A service of the


The Platform Economy: How to Protect Workers While Promoting Innovation

The rise of the platform economy has presented policymakers with an array of regulatory challenges, ranging from taxation to competition policy to worker protection. Furthermore, many basic aspects of the platform economy are unclear, such as its size, the number of workers who take part in it and, indeed, its very definition. What types of regulation are necessary to ensure that the benefits of the platform economy are maximised for all Europeans? How can the productivity gains associated with the platform economy be distributed throughout society? Most importantly, how can policymakers support innovation while also protecting consumers, workers and communities?

Figure of the Month

Workers with a Second Job

This figure from Jan Drahokoupil and Agnieszka Piasna’s Forum article Work in the Platform Economy: Beyond Lower Transaction Costs shows the dramatic rise in the number of professionals, technicians and associate professionals with second jobs – many of which are through the platform economy. For more information, click on the figure.


Virtual Currencies, Distributed Ledgers and the Future of Financial Services

The phenomenon of virtual currencies has to be distinguished from the underlying distributed ledger technologies. Bitcoin and other cryptocurrencies need to be subject to strict financial regulation and supervision to ensure investor protection. At the same time, distributed ledger technologies will shape the future of the financial services in many respects. Volker Brühl illustrates the disruptive potential of these technologies for selected financial products and processes.

Platform Economy

Collaborative Economy: Market Design and Basic Regulatory Principles

Despite the efficiencies and benefits associated with the collaborative economy, there are concerns about how it can be properly regulated to avoid unfair market competition. Georgios Petropoulos examines how we can restore a level playing field for online and offline services, and what rules will promote fair competition.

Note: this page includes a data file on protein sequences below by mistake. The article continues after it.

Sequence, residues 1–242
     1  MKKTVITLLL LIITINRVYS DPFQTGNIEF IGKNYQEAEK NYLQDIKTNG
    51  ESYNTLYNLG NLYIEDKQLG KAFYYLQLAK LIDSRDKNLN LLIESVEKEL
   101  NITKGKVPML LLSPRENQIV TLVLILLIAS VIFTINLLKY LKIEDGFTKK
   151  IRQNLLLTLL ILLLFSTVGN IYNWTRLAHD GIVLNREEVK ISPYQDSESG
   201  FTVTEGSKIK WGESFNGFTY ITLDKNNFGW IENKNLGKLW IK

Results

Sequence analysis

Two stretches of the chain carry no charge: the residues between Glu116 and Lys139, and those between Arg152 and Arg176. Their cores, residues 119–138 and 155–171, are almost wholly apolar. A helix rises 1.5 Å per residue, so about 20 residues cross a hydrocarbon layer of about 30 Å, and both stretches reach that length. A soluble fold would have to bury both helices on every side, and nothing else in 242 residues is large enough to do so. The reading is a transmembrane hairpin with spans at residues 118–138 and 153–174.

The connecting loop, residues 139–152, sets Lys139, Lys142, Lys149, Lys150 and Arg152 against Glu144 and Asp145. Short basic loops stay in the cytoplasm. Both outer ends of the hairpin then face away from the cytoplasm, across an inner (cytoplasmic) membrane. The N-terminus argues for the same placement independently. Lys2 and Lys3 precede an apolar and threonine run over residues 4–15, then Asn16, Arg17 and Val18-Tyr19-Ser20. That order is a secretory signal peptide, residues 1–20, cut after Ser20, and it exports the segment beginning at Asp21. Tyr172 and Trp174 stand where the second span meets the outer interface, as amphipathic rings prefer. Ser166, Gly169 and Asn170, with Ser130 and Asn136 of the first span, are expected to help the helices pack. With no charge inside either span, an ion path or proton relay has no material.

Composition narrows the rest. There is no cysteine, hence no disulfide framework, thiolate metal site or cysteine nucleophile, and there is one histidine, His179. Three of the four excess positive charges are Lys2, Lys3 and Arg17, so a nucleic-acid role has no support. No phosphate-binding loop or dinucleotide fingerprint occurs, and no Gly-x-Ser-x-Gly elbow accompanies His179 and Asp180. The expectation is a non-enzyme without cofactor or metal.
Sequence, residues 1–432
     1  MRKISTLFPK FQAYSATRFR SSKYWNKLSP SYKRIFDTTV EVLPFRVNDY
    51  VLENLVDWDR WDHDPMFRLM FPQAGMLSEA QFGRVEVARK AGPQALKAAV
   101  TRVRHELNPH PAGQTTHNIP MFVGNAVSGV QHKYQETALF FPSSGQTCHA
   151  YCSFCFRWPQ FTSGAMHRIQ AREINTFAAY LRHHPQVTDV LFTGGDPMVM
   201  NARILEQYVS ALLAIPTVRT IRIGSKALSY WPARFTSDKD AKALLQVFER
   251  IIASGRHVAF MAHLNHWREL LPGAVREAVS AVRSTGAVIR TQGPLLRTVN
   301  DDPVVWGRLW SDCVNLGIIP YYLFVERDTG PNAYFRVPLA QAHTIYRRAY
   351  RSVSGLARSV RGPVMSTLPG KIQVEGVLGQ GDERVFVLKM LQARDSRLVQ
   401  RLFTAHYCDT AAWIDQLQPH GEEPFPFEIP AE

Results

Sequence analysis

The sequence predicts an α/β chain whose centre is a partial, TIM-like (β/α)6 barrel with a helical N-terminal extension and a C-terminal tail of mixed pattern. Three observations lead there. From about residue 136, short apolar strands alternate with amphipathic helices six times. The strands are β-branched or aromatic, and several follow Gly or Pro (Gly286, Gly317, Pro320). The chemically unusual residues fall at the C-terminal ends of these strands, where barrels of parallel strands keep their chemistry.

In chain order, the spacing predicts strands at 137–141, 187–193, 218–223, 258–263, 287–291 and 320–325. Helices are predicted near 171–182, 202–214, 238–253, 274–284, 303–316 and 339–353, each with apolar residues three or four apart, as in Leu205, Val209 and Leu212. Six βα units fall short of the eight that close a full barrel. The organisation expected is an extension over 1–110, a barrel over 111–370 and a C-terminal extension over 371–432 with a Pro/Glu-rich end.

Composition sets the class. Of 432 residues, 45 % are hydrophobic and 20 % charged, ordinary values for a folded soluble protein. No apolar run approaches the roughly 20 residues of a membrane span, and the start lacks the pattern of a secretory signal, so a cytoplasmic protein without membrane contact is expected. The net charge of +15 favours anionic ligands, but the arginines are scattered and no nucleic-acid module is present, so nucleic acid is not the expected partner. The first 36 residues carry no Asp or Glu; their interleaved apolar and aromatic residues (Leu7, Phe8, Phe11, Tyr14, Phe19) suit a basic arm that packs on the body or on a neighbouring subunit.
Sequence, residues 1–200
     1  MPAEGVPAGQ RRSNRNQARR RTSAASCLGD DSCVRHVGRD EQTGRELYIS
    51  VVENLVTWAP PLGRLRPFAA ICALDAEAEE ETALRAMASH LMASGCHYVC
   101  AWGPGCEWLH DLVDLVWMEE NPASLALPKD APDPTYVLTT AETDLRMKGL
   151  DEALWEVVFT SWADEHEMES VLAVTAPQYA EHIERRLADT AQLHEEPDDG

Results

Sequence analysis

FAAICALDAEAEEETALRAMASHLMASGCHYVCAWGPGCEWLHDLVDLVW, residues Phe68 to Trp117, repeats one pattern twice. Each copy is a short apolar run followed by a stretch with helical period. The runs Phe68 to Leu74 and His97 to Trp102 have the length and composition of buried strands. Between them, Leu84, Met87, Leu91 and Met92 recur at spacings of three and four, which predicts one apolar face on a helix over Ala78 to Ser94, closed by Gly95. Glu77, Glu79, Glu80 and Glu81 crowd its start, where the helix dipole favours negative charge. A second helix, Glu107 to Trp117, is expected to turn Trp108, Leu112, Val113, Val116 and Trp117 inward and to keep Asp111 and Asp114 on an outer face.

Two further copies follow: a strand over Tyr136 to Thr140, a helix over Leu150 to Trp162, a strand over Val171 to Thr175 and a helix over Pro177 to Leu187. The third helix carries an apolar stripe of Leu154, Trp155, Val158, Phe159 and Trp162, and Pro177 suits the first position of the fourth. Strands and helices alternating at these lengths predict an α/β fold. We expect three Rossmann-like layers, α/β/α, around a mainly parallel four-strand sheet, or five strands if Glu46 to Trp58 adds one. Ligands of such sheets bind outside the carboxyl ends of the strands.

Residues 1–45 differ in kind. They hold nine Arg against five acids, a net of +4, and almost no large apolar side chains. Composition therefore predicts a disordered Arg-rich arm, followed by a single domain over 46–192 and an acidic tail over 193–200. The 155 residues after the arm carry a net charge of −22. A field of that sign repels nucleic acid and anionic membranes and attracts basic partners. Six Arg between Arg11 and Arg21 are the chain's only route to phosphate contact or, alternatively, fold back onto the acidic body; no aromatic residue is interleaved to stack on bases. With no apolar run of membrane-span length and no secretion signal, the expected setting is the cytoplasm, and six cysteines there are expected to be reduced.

Quote of the Month

The Platform Economy

“(W)e must proceed in a way that allows citizens, in their multiple roles as workers and consumers, to participate in shaping the future, not just allowing it to happen to them. It is not a matter of robots coming, but rather one of how to direct the evolution of platforms and the development and deployment of intelligent tools and systems.”

from John Zysman and Martin Kenney's Forum article "Intelligent Tools and Digital Platforms: Implications for Work and Employment"

Letter from America

America's Cities Compete for Amazon

In October 2017, Amazon, the world’s fourth-largest company, received 238 proposals from North American cities aiming to become the site of its second corporate headquarters, a truly transformative investment for any city. Joseph Parilla discusses why American cities continue to compete with one another to see which one can provide the greatest incentives to businesses via so-called economic development tools – despite the fact that economists are highly sceptical of their effectiveness.

From the Archives

Net Neutrality

News that the America's Federal Communication Commission is planning to repeal Obama administration’s network neutrality rules have triggered a fractious and politicised debate. Rob Frieden describes the different approaches taken to network neutrality in the EU, Canada and the US.